Out of all table games, blackjack is the most popular one, without a doubt. The game owes its reputation to a list of things, the most important one being its straightforward gameplay. Even those who haven’t played it before can catch on quickly. Apart from that, gamblers also like how fast-paced it is and prefer it to other casino classics because of its low house edge.
Due to its high marketability, it’s hard to find a casino — be it an online or a land-based one — that doesn’t host at least one blackjack variant. With the rise of iGaming, it’s become even easier to play this game whenever and wherever you like.
As a result, there has been an increase in the number of blackjack players. If you’re one of the newbies looking to improve your blackjack skills, you’re in the right place.
Today’s article is about the most iconic moves you can make while playing blackjack — buying insurance.
What Is Insurance in Blackjack and How Does It Work?
The core of this game is guessing whether your hand is better than the dealer’s. Naturally, there’s always a chance your estimate is wrong, so reducing the risk of mistakes is one of the players’ goals. Insurance betting is one way to help you achieve just that.
Blackjack insurance is one of the several side bets — additional bets you can place during the standard game of blackjack.
- Note: You’ll be able to place an insurance side bet or buy insurance after the first two cards have been dealt. However, that’s only possible if the dealer’s up-card turns out to be an ace.
This bet is supposed to serve as protection if the dealer’s hand ends up being “blackjack” — a hand with a total value of 21. The said bet is worth half your initial wager.
If you buy the insurance and the dealer does, in fact, have blackjack — you’ll win the insurance bet at 2:1 odds. This means that you’ll be able to break even on that hand.
Nevertheless, if the dealer’s hole card is not a blackjack, the insurance bet is collected, and the game continues as usual.
Downsides to Insurance Betting
Let’s explore why placing an insurance bet is not advisable if you’re looking to win.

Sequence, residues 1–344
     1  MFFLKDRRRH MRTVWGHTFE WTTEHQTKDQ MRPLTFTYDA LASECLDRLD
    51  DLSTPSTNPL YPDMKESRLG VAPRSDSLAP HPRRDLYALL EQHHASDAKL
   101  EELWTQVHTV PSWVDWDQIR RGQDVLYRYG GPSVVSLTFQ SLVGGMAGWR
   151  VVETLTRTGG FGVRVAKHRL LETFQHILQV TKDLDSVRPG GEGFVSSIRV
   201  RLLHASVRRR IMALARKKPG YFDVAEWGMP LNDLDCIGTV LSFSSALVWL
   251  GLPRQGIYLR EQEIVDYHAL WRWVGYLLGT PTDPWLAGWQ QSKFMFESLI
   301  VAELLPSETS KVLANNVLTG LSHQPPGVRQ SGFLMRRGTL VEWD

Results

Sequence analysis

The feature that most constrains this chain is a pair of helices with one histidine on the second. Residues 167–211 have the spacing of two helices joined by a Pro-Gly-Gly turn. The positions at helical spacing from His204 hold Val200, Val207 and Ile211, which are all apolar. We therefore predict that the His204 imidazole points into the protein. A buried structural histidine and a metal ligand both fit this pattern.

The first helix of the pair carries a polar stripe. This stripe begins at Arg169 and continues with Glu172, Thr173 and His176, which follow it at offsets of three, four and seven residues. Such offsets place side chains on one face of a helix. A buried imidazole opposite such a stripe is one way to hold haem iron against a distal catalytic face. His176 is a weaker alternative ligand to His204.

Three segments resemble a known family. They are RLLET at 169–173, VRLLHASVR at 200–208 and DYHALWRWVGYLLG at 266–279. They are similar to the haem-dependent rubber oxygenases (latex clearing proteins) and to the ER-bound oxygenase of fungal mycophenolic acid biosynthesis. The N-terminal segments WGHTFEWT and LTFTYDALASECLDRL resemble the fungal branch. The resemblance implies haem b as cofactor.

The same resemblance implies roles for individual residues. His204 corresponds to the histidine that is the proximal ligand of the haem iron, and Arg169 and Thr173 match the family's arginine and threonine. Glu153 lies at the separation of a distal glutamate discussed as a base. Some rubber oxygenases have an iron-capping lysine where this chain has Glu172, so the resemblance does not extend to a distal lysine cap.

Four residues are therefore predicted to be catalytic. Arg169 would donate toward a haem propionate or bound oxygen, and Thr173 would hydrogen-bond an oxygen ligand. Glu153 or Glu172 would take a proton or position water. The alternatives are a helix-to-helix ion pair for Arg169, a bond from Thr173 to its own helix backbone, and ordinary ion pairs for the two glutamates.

The insurance bet has a house advantage of 3%.
In a 6-deck game, the bet only pays off about 30% of the time — when the dealer draws a 10-point card on top of their ace.
When this is coupled with this side bet’s 2:1 payout odds, you get a negative expected value. In the long run, you’re going to be losing money.
We’ll clarify this with an example — say you’ve made 130 insurance bets worth $20 each. Based on our calculations above, you should win 40 and lose 90 out of those bets, on average. This means that you’d make $1,600 (as every won bet would add $40 to your bankroll).
However, you’d also be losing $1,800 ($20 for each of those 90 lost bets). So, you’d come out of the game $200 short.
This is why experts advise all blackjack players, especially amateurs, to steer clear of insurance bets unless they’ve got a knack for strategies.
Not sure how to manage your bankroll? Check out our Bankroll Management for Blackjack Players blog post to learn more.
Alternative Moves in Blackjack
Blackjack games feature a few other side bets, so things aren’t as grim as you might have thought. To help you get a feel of what else is on the menu, we’ve listed a few of them:
This side bet allows the players to make a pair with the first two dealt cards.
A pair can consist of cards with the same numerical value or the same face value. Different types of pairs pay out differently.
If your cards match in numbers or faces and their color, that’s called a Colored Pair. If the pair turns out to be the same type of card (same suit and value), you get a Perfect Pair.
However, if they don’t match in color or suit, that’s a Mixed Pair. Players have to decide whether they want to place a Perfect Pairs bet before the game starts.
Players bet on the type of combination their two cards and the dealer’s up-card would create.
There are a couple of possible combinations based on their suit and value, and they come with different payouts:
- Flush — The three cards are of the same suit (5:1).
- Straight — The cards bear a consecutive value, 2–3–4, for example. (10:1).
- Suited triple — The cards are all one and the same card type (100:1).
- Three of a kind — The cards bear the same number or face value (30:1).
- Straight flush — The cards all have the same suit and bear three consecutive numbers (40:1).
The goal of this side bet is to come by two suited cards. The ideal outcome is to get a king-queen pair.
Two suited cards pay 5:7, but the king-queen combo pays 25:1.
The house edge for this one comes at around 3.7%.
Players are betting on whether the sum of their two cards will be under or over 13.
You lose if you choose to go with the Over bet when you should have gone Under and vice versa.
Moreover, if the sum of your cards ends up being exactly 13, you won’t win either.
With this one, you have bet that the sum of the two cards you have been dealt will add up to 20.
If you get two queens of hearts, for example, the bet pays out 200:1.
Lucky Ladies has one of the highest house edges among the blackjack side bets — over 24%.
As you can see, even though it’s one of the most well-known types of blackjack side bets, the insurance bet is not the best move for everyone. While experts might be able to make the most of it relying on strategies like card counting, beginners don’t have enough skills for this endeavor.
Due to the bet’s negative expected value, relying on pure luck will give you a much better chance of winning at the end of the day. However, if you’re still intrigued by blackjack side bets in general, there are plenty more out there for you to test out.
Make sure to take note of the bet’s house edge and the number of decks used in the game before you make any final decisions.
Keep Reading: What Is a Blackjack ‘Early Payout’ and How Does it Work?